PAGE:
Three headlines sum up which industry is seeing early casualties in the just-launched trade war between the U.S. and its biggest customers:

“Trade war rhetoric shifts to reality”
“U.S. farmers hardest hit in Trump trade war”
“Soybean prices plunge to a 10-year low”

Farmers, of course, began seeing the effects of a trade war well before it officially began on July 6, as anticipation of what was coming dragged down futures markets. Grain farmers have been hit hard, and soybean farmers hardest of all.

In a typical year, just over 40 percent of all U.S. soybeans are used somewhere else in the world, with roughly two-thirds of that amount going to China, the biggest U.S. customer. In March, when a trade war began to shape up as more than blustery talk, buyers in China began to cancel hundreds of thousands of tons worth of orders, causing prices in the U.S. to plunge.

On March 25, the price of soybeans on commodity markets was $10.415 per bushel. On July 16, they traded as low as $8.11 before closing at $8.31. That’s a 20 percent implosion in less than eight weeks. Corn prices were $4.085 per bushel on May 23 and $3.40 on July 11.

Those declines are on top of a year that USDA had already forecast to be bad. In early spring, it said soybean farmers with an average national yield of 49 bushels per acre would lose about $13 per acre. But that assumed an average price of $9.25 per bushel, so at current prices the red ink will be much deeper.

Corn farmers were forecast to lose $54 per acre and wheat farmers to lose $84 per acre.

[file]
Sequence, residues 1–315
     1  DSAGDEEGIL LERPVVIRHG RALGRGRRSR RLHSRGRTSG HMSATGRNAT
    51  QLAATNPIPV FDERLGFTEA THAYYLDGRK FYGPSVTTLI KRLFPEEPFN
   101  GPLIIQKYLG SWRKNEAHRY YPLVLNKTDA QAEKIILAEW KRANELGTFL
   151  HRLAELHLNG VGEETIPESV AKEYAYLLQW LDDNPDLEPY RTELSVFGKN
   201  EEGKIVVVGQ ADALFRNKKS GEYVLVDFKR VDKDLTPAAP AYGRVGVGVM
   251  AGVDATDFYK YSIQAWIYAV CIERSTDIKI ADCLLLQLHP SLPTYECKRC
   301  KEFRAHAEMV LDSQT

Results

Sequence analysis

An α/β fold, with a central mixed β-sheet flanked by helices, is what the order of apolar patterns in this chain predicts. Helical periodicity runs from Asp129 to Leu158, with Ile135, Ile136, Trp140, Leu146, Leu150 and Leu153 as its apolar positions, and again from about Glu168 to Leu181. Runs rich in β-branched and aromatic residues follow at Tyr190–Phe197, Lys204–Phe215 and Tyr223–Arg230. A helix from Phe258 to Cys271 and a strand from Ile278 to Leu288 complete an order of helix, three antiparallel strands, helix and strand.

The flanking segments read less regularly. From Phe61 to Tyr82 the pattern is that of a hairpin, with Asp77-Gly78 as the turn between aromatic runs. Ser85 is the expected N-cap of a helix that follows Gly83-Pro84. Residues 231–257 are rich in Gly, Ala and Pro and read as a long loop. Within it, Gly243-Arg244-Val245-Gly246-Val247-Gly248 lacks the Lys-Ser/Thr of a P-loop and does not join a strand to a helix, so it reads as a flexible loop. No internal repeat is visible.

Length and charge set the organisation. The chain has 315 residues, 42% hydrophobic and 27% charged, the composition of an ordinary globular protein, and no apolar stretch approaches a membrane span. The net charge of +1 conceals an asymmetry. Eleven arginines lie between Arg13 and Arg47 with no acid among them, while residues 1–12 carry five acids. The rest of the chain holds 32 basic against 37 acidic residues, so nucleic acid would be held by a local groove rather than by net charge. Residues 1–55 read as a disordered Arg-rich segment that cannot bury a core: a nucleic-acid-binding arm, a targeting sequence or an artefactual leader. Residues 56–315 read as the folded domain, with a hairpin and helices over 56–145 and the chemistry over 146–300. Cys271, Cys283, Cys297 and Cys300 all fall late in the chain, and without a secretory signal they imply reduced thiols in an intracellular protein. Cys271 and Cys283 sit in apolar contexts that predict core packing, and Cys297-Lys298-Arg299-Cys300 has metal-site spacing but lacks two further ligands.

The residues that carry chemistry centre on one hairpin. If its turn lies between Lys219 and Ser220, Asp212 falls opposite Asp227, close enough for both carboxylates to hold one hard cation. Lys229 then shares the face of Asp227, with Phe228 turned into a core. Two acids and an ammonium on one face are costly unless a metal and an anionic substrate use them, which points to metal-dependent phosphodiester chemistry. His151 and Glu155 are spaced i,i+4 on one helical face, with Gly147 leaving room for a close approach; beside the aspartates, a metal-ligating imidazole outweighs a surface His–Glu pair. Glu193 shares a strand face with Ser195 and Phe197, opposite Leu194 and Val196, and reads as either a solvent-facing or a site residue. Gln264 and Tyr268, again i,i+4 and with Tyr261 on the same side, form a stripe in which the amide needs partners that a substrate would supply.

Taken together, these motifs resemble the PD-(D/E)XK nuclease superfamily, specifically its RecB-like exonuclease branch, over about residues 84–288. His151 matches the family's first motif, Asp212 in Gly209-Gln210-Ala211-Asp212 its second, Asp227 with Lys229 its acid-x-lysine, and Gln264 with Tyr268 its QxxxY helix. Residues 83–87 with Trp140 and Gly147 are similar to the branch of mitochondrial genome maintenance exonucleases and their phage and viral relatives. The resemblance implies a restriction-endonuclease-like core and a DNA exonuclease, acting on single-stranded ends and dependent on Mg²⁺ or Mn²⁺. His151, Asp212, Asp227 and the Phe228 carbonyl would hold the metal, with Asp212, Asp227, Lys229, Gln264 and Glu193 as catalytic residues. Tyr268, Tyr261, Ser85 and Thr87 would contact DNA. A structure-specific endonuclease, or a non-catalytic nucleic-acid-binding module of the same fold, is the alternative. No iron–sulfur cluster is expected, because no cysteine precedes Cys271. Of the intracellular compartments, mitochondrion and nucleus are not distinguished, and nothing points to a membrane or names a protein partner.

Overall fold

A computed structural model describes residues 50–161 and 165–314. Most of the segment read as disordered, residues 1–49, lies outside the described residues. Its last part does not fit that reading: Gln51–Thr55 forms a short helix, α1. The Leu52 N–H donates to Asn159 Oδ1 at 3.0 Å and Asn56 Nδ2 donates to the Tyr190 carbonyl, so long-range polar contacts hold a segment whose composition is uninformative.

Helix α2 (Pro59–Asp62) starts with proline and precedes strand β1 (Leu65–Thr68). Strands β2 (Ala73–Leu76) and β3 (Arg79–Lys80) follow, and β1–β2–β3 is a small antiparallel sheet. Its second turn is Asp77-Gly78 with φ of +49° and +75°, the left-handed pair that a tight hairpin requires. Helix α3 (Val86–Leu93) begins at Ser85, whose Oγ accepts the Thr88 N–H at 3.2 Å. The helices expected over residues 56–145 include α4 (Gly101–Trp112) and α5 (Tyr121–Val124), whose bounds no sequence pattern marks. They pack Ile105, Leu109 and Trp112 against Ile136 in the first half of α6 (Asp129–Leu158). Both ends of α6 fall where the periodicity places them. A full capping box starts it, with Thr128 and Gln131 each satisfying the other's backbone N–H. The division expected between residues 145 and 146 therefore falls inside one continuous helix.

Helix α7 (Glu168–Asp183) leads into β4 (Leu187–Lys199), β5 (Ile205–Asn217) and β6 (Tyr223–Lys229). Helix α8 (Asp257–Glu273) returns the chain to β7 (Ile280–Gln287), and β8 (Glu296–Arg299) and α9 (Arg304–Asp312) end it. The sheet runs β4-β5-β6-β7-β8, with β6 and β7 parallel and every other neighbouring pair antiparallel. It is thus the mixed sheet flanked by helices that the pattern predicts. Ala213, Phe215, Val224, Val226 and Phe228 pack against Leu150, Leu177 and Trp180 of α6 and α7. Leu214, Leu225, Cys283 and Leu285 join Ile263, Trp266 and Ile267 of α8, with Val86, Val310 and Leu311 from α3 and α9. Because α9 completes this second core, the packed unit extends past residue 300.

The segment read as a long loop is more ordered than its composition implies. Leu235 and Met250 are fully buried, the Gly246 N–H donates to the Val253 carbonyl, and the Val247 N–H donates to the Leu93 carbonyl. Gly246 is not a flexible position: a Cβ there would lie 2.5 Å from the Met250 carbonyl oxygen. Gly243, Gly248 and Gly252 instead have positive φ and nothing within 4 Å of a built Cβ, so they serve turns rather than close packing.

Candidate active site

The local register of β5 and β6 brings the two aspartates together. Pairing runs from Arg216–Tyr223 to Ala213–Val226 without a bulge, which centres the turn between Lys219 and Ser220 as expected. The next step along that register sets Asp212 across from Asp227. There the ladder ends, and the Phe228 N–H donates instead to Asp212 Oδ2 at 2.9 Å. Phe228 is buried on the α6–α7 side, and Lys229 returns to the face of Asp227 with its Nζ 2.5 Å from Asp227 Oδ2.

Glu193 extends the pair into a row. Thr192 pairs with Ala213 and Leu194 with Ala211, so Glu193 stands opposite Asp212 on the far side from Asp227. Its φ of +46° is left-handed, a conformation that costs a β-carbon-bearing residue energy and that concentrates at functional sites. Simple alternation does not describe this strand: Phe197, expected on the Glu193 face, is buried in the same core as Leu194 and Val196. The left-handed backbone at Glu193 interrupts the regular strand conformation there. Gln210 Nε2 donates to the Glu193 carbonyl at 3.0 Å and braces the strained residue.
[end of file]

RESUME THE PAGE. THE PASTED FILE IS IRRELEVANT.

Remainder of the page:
The downturn in markets has been so strong that National Farmers Union President Roger Johnson said last week that, “American corn, soybean, and wheat farmers have already lost a collective $13 billion as a result of our current trade war with the world. And while the tariffs can end tomorrow, the effects of this trade war will continue for years.”

Dairying has been hit, too. While lower grain prices do mean lower feed costs, Class III futures markets clearly appear to be spooked about prospects for dairy exports during the rest of the year.

On May 23, the Class III milk price futures average for the last six months of 2018 was $16.75 per hundredweight at the Chicago Mercantile Exchange. On July 17, it was just $15.28.

Yes, U.S. dairy exports did set new monthly records this spring in terms of percentage of total production that is sold abroad, but traders seem to believe they will also become casualties of the trade war.

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(c) Hoard's Dairyman Intel 2018
July 23, 2018
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